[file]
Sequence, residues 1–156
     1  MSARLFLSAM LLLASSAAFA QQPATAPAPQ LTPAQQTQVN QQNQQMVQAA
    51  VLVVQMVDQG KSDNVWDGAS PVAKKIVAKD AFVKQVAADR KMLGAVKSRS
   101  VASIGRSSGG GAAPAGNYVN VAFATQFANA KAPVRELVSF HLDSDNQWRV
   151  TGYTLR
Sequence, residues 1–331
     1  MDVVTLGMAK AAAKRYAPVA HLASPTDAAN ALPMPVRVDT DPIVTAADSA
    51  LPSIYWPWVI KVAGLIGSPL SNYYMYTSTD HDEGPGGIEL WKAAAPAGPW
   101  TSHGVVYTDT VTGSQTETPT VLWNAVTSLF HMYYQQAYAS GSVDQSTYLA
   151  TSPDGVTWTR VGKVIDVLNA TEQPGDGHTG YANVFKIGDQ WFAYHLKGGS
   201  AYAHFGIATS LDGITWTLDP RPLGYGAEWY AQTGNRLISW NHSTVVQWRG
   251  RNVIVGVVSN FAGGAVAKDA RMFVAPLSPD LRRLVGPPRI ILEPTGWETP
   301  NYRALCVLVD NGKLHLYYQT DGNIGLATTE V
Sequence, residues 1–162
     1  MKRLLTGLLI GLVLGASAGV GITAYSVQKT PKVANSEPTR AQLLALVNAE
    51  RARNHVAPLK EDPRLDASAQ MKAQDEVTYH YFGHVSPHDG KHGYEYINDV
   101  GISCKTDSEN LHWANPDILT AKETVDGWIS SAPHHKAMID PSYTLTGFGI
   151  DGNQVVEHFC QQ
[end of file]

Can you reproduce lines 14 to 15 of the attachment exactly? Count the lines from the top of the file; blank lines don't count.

Sequence, residues 1–162
     1  MKRLLTGLLI GLVLGASAGV GITAYSVQKT PKVANSEPTR AQLLALVNAE